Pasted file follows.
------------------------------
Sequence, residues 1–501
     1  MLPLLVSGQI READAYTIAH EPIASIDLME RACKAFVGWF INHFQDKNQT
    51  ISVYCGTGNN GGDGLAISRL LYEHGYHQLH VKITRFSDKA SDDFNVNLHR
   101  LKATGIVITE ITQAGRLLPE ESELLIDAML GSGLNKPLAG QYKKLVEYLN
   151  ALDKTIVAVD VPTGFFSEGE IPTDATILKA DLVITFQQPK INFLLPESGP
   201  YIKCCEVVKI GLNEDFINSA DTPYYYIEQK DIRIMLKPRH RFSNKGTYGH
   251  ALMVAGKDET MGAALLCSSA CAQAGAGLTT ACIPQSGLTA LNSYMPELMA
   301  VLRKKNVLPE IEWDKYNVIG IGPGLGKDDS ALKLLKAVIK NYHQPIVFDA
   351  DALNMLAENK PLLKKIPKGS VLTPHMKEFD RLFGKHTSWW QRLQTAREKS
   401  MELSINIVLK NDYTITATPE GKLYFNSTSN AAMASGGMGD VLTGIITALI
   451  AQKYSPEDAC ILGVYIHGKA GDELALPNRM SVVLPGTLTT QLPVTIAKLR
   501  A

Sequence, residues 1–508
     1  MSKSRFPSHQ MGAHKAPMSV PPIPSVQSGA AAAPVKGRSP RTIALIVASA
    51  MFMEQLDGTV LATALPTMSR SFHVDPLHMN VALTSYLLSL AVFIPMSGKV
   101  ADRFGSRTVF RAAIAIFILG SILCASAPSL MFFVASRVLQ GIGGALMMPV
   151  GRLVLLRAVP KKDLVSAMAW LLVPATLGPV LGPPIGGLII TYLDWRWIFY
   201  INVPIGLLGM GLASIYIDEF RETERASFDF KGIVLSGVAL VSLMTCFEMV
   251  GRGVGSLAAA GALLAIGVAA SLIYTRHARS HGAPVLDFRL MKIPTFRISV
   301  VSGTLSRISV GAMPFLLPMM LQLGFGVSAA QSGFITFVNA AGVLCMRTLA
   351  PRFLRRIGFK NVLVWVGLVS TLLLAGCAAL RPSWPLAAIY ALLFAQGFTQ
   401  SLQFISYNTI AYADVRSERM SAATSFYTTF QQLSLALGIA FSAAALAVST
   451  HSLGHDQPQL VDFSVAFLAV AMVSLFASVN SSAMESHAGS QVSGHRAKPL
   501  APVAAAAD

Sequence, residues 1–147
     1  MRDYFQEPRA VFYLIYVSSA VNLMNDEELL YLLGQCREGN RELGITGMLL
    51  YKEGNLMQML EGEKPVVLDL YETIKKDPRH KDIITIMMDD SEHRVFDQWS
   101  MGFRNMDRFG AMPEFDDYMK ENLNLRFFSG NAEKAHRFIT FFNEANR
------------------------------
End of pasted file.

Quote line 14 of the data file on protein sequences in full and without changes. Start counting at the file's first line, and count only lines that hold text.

     1  MSKSRFPSHQ MGAHKAPMSV PPIPSVQSGA AAAPVKGRSP RTIALIVASA